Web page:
By Roy C. Smith
Eight years into a bull market in which the S&P 500 has tripled, investors seem to have given up on active managers, preferring index funds and ETFs instead. Survey after survey have shown that the overwhelming majority of active managers have failed to beat their benchmarks over 1, 3 and 5 year periods. Passive investing now accounts for nearly 40% of all US equity assets-under-management, more than twice the level in 2005. Passive funds together now hold about 13% of the S&P 500, up from 9% in early 2013, and account for about 25% of trading reported on the consolidated tape.
In the last two years, according to Morningstar, over $500 billion of funds were withdrawn from active managers and nearly $1 trillion found its way into passive funds tied to market indices. Hedge funds, too, have suffered as investors have withdrawn funds after years of paying high fees for low returns.
This trend is having a devastating effect on Wall Street sell-side research, the production of which is now well below historical norms. A recent Sanford Bernstein report referred to passive investing as “worse than Marxism.”
The principal explanation for the massive migration into passive funds over the last decade is the difference in fees and expenses charged by active managers, especially mutual funds, as compared to the exceedingly low cost of index funds. This is a theme first expressed by Jack Bogle, former Vanguard Chairman and passive advocate, thirty years ago, but recent events have accelerated the move to passive investing.
Some observers say this new market dynamic is because of the $12-15 trillion of central bank intervention in fixed income markets in the US, Europe and Japan that have made stock investments of all types relatively more attractive than bonds. This unintended consequence of Quantitative Easing has led to mindless notions of “risk-on,” risk-off” investing that ignores individual company performance. Though these QE programs are being wound down, there is no assurance that they won’t be reinstituted during the next downturn.
QE is thought to have raised correlations of stocks with the market as a whole -- to a level of 70%-90% since 2009 from much lower levels before. Low correlations suggest good opportunities for expensive, research-driven stock pickers, and high correlations suggest any stock will do.
All this confirms that the 2009-2017 bull market has had a substantial synthetic component to it. Continuous market appreciation during a period of unusually low economic growth and an unusual amount of political uncertainty in the US, Europe, China, Russia and the Middle East is hard to explain. These uncertainties have led many active managers to hold unusually large cash positions, but they would probably have been better off if they had been fully invested. They did not participate in the market upside as fully as index funds with no cash holdings did, widening the performance gap.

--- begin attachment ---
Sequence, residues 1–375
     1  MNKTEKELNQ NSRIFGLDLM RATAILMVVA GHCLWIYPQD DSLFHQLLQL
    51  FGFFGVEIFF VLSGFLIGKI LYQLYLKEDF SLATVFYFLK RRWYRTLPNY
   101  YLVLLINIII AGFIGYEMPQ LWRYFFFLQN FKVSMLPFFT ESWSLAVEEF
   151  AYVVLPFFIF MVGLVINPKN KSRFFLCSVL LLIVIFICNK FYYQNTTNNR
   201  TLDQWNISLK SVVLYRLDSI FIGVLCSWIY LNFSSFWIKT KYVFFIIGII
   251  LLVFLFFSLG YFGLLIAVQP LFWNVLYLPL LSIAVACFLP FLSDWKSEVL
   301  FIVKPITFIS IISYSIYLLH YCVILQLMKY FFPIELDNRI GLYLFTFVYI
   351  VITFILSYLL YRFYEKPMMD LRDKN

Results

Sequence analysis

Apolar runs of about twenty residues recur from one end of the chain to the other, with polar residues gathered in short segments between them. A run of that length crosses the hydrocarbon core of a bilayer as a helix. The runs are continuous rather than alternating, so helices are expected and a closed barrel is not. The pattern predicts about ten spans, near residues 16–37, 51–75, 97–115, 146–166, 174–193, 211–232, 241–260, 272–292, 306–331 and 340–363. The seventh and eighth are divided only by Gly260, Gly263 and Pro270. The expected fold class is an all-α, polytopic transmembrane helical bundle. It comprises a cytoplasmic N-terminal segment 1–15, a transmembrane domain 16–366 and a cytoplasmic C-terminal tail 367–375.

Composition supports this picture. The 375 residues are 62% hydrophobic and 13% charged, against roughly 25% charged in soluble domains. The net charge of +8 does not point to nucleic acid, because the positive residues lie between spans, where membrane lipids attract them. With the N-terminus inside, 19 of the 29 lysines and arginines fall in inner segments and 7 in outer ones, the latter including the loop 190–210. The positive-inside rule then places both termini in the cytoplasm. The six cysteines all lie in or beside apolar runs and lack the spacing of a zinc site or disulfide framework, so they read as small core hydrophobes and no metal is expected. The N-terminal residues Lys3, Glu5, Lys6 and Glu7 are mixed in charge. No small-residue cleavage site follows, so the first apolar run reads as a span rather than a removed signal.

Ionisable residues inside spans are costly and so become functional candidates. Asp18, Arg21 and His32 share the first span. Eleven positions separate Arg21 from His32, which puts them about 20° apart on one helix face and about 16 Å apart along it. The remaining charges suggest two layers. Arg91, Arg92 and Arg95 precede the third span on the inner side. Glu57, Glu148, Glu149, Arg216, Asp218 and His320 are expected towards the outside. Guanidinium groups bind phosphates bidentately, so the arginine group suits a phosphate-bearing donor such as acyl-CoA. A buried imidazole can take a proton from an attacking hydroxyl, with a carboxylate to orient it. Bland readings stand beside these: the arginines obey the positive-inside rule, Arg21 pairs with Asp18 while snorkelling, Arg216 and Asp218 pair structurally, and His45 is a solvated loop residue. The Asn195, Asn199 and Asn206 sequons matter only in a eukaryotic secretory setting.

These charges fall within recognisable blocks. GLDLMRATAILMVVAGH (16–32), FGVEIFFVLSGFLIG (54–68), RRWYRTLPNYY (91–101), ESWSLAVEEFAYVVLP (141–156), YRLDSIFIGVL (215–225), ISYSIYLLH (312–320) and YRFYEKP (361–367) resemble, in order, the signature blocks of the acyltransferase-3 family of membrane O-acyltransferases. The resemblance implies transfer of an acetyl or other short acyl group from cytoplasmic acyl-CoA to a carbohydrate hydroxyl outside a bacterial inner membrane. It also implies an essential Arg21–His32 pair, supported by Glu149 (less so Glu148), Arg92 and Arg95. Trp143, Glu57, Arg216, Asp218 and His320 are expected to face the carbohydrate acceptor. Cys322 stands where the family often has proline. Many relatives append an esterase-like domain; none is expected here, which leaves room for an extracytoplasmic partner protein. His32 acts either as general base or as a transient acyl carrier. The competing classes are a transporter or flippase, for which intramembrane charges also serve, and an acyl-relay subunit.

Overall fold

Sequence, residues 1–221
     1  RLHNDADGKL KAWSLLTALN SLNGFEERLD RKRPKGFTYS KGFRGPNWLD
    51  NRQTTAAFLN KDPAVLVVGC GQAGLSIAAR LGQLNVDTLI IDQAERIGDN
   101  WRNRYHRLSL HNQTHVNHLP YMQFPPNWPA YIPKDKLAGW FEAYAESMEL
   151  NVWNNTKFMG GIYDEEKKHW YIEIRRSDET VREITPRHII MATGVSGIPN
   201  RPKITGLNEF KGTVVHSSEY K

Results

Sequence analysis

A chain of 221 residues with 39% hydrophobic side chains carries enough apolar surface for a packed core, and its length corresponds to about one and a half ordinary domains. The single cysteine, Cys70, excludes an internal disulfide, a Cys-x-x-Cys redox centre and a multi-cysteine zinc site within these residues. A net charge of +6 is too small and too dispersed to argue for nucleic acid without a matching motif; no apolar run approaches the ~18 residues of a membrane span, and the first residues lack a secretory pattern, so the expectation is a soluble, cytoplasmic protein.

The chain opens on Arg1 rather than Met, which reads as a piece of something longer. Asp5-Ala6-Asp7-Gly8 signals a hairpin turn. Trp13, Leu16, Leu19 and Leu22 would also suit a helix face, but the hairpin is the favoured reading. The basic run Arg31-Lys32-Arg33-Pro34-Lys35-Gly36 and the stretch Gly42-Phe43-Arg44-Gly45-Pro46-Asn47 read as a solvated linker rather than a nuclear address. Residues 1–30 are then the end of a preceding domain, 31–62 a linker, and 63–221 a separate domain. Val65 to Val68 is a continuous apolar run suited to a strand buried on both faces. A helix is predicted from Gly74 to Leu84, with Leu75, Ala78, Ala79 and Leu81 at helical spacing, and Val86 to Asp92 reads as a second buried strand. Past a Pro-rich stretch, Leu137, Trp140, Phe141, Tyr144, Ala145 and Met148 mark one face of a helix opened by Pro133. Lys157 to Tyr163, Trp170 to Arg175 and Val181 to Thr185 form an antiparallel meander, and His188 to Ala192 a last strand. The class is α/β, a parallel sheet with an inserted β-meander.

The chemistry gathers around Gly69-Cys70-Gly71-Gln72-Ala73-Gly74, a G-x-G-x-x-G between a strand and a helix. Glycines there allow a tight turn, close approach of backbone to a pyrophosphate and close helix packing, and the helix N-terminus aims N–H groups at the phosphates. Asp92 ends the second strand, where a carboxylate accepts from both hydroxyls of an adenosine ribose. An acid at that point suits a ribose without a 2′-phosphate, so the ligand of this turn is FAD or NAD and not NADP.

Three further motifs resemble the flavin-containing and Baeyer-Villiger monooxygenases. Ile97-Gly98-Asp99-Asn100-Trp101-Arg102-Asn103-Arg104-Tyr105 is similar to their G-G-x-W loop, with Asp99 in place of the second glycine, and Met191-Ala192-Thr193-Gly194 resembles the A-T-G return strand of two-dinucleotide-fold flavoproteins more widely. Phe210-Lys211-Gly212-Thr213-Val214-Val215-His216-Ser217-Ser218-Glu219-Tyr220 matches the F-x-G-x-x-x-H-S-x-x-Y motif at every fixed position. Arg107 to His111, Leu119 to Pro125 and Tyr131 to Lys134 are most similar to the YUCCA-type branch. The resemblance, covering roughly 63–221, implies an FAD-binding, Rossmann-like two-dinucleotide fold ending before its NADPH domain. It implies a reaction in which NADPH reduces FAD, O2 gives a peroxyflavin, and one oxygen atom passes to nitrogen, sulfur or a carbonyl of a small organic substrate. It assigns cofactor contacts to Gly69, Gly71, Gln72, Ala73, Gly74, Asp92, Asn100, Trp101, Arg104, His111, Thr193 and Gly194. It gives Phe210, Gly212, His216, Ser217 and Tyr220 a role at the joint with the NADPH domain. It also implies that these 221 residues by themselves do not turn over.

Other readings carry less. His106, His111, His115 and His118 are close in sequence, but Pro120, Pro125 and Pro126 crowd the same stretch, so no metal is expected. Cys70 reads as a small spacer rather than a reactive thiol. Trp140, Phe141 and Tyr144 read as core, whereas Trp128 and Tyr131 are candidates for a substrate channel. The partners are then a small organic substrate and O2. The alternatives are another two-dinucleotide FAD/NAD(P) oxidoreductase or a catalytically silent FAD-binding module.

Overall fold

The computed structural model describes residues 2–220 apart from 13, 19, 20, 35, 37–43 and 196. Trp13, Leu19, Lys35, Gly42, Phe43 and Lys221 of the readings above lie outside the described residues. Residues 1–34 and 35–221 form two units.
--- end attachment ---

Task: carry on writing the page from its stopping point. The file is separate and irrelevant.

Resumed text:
A recent Goldman Sachs report points also to a new dilemma faced by corporate directors because of the rise of passive investing. Boards can no longer trust the market to value their corporations appropriately, both absolutely and relative to the performance of its peers. Incentive compensation tied to stock prices may no longer be the best way to reward corporate managers – the compensation provided by the market may be completely out of synch with what directors want. Stock prices may also be sending the wrong valuation messages to potential corporate predators, making companies more vulnerable to takeovers. How boards should respond to these challenges opens a whole new chapter in corporate governance.
Indeed, the surge in passive investing also tends to diminish the effect of the voting power of institutional investors in corporate governance. Long looked upon as a reasonable defender of basic shareholder interests, institutional investors have been the market’s enforcement arm. Passive investors, however, have little concern for governance issues and tend to outsource their voting decisions to firms like Institutional Shareholder Services, concentrating their power in governance issues to an all-time high.
Wall Street has claimed for years that passive investing is useful and has a place as long as it doesn’t “become the market.” Well, are we there yet?
When QE programs began, concerns about market distortions they would cause were brushed aside as less important that rescuing crisis-ridden economies from high unemployment and low growth. It is hard to see, eight years later, that these programs helped growth very much (yes, it might have been worse) though at least nominal unemployment came down significantly in the US.
Future programs, however, will have to recognize that the many long-term effects of distortion of the equity markets can be a high price to pay for their benefits.